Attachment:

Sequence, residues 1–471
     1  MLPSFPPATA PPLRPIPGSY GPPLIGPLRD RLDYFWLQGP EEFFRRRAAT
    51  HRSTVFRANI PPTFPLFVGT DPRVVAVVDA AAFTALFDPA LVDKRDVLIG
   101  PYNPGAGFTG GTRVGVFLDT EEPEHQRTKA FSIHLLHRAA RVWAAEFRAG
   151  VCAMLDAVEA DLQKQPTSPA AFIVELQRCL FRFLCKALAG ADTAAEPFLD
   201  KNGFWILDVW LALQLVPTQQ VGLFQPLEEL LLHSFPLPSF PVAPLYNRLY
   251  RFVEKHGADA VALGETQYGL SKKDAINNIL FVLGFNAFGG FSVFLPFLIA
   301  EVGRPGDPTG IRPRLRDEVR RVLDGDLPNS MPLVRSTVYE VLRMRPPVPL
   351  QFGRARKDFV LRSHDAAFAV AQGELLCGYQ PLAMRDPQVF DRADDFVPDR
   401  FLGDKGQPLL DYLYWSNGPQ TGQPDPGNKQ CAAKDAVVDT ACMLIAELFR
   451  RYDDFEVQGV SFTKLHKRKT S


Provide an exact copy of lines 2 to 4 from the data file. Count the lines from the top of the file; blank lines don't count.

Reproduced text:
     1  MLPSFPPATA PPLRPIPGSY GPPLIGPLRD RLDYFWLQGP EEFFRRRAAT
    51  HRSTVFRANI PPTFPLFVGT DPRVVAVVDA AAFTALFDPA LVDKRDVLIG
   101  PYNPGAGFTG GTRVGVFLDT EEPEHQRTKA FSIHLLHRAA RVWAAEFRAG